Monday, December 27, 2010

"Let Food Be Thy Medicine"

Hippocrates is considered the father of modern medicine. One of his most famous quotes is “Let food be thy medicine, and medicine be thy food”. These words are often utilized for the eloquence with which they express the importance of our daily food choices. The relevance this phrase has is stronger than ever. Nutrition is an underlying theme for just about every health concern we may experience today. To address the underlying causes, we must consider the influence our diet has on our wellbeing. Today we will begin this journey by exploring blood sugar imbalances and the misconceptions that still prevail in our society regarding fats in foods.

When considering our food choices and the impact on our health, the first step relevant for today’s health concerns is to address blood sugar imbalances. Blood sugar imbalances are rampant in our culture. We tend to overly consume highly processed foods and grains, and simple sugars which contribute to an immediate jump in blood sugar levels due to their high glycemic index. The body responds by pumping out insulin from our pancreas to lower the level of sugar in our blood. Elevated blood sugars always cause an elevation in insulin levels. Insulin in our body conveys two primary messages. The first is that the blood sugar should be stored for later use in the form of fat depositions. Let me repeat this first point, elevated blood sugars and hence elevated insulin levels signal our body to store foods consumed as fat. The second is that insulin increases the levels of systemic inflammation in our body.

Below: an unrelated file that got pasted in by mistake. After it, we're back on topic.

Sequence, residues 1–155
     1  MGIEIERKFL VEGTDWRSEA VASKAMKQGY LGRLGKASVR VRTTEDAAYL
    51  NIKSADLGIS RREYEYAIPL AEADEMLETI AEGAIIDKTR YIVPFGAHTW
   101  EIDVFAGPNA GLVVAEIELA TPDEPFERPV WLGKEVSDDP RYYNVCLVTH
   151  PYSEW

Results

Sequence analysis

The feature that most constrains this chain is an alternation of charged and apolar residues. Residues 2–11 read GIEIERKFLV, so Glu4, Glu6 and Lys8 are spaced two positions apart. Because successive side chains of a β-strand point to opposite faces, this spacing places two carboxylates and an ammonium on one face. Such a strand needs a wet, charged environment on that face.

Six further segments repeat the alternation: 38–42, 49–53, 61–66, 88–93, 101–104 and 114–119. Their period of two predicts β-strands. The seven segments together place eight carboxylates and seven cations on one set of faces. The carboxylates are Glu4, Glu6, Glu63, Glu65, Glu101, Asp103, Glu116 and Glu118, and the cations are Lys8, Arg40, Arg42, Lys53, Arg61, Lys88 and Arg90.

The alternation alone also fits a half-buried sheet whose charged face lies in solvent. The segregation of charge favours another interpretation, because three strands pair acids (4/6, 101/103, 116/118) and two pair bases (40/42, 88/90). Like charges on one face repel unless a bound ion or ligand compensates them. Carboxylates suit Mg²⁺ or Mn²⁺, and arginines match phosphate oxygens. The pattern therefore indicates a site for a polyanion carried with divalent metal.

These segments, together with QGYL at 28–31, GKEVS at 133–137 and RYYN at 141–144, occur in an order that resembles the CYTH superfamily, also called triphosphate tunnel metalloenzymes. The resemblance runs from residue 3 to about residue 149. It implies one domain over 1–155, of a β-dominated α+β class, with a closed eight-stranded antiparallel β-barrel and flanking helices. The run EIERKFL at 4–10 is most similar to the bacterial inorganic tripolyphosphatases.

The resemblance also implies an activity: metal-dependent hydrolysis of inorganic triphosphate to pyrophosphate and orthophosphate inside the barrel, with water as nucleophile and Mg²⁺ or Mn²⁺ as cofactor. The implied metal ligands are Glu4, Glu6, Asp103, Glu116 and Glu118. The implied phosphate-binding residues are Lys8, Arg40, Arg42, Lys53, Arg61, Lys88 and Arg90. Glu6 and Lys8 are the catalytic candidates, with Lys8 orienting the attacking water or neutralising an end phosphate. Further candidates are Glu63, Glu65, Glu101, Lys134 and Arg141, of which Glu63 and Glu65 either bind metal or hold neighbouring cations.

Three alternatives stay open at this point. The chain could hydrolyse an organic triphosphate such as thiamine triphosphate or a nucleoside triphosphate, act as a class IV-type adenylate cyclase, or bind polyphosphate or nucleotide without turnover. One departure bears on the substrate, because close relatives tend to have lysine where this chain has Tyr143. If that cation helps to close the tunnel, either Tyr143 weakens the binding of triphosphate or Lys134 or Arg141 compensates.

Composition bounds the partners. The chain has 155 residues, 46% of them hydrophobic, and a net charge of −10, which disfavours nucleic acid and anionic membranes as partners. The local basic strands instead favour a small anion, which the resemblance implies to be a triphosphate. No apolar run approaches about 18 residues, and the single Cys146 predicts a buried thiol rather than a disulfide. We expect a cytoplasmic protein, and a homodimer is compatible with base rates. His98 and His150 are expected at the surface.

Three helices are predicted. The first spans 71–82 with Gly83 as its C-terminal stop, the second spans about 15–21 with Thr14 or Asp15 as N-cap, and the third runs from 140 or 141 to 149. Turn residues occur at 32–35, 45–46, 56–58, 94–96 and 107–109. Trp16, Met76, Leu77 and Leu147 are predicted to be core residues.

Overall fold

Day in and day out after the insulin assault on the unnecessarily high blood sugars, the blood sugar levels crash. This hypoglycemic state creates a sympathetic, or stress, response from the body. The adrenal glands release cortisol to help mobilize sugar from stores in the body. At this point the individual typically feels jittery, irritable, and quickly reaches for that sugary snack to get through to the next meal. This pattern causes the sugars to jump up again, insulin is released, and the entire process repeats itself. For most people eating the standard American diet (SAD) this happens every single day. Eventually the pancreas fatigues and can no longer release enough insulin to control the blood sugars and the patient is diagnosed as a diabetic. Simultaneously, the adrenals are exhausted and can no longer function in their full capacity. Our body’s hormone systems are affected by this constant stress and their functions are interrelated. Years of poor dietary choices often require an extensive amount of intervention to restore proper body function and balance.

Fats generally confound us more than any other aspect of nutrition. My 9 year old daughter helped me understand why when she said, “Dad, it’s a homonym. You know, a word that sounds the same but has different meanings.” She couldn’t be more correct. We use the word “fat” to describe lipids in foods and when referencing individuals that are overweight. Even though the low-fat dietary craze of the 80’s would have us believe that they are directly related, they most certainly are not. But the mis-information remains and people still worry that fats in foods will lead to becoming an overweight individual. The result for our lifestyle from this distorted view is that fats have been consistently removed from foods and replaced with sugars. The end product now has a higher glycemic index than the original food and the increased insulin levels to control the elevated blood sugar causes the body to store the food as fat. As we have pulled fat from foods, individuals have become more overweight and the incidence of diabetes and heart disease has continued to climb; yet we somehow continue to believe that fats in foods are detrimental to our health. They aren’t, with one exception.